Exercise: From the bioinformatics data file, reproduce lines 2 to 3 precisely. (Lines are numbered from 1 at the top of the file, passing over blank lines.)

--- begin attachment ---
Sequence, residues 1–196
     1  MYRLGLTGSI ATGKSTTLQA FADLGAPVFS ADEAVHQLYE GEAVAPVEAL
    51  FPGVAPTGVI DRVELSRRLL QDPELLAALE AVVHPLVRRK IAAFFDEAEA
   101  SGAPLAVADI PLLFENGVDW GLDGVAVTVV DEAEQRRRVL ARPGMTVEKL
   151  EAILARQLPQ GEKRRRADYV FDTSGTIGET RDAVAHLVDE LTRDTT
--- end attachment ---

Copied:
     1  MYRLGLTGSI ATGKSTTLQA FADLGAPVFS ADEAVHQLYE GEAVAPVEAL
    51  FPGVAPTGVI DRVELSRRLL QDPELLAALE AVVHPLVRRK IAAFFDEAEA